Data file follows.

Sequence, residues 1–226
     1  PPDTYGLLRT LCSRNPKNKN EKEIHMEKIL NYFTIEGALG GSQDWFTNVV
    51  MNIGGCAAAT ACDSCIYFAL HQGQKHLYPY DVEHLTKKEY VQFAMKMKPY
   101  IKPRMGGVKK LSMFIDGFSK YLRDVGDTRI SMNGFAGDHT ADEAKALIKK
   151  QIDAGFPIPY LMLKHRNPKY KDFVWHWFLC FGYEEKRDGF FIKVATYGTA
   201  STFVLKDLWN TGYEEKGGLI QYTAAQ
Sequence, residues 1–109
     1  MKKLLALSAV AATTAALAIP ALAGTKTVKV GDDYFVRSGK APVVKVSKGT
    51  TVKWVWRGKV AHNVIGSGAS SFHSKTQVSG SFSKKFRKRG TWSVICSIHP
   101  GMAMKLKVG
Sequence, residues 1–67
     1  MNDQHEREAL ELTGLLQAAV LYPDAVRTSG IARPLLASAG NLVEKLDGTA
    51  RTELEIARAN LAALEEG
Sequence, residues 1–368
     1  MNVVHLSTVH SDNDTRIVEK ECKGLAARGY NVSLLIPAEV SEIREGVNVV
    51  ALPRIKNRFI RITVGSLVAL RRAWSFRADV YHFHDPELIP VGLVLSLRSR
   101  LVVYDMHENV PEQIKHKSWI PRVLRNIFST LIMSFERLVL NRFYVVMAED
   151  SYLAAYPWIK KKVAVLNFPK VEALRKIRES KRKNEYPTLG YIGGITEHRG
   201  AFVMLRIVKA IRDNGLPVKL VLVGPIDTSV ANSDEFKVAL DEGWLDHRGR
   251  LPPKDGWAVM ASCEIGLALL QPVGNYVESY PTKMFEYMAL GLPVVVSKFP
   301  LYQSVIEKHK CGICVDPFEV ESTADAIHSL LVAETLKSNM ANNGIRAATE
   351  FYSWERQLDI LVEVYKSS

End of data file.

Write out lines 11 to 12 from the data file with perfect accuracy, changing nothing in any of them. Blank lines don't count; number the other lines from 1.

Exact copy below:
Sequence, residues 1–67
     1  MNDQHEREAL ELTGLLQAAV LYPDAVRTSG IARPLLASAG NLVEKLDGTA